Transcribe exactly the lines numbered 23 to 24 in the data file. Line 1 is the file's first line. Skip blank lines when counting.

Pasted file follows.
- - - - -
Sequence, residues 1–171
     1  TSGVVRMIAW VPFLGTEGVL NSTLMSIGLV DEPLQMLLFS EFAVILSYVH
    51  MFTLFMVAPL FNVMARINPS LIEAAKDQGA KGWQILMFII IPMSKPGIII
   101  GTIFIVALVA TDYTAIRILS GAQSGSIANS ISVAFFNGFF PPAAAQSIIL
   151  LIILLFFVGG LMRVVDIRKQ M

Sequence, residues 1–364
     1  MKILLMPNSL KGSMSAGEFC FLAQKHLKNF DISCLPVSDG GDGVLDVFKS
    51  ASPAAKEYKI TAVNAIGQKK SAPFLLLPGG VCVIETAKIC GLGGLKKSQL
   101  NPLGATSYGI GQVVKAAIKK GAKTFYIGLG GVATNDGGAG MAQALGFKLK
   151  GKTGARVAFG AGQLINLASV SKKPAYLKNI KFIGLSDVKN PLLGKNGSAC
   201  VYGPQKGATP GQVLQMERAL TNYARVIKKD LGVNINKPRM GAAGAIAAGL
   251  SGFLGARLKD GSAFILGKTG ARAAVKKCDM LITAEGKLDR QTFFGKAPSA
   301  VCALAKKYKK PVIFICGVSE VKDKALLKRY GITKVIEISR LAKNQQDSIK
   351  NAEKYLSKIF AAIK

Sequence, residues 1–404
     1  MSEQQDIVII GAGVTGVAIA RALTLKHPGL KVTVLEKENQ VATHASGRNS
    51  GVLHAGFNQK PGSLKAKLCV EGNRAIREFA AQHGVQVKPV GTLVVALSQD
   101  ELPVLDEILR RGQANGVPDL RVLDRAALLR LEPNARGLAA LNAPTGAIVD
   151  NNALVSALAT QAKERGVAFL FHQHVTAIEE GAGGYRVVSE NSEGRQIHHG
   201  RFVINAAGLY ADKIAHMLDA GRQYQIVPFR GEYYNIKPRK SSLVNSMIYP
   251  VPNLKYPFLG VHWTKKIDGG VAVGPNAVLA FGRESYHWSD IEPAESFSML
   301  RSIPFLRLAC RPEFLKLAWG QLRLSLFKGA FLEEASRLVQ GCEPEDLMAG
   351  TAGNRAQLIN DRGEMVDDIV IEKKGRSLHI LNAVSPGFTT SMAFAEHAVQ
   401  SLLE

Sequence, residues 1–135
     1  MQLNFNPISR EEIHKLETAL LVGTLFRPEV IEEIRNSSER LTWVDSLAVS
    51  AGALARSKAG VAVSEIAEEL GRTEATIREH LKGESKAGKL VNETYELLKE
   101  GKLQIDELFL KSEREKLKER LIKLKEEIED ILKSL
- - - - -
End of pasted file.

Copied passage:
   351  TAGNRAQLIN DRGEMVDDIV IEKKGRSLHI LNAVSPGFTT SMAFAEHAVQ
   401  SLLE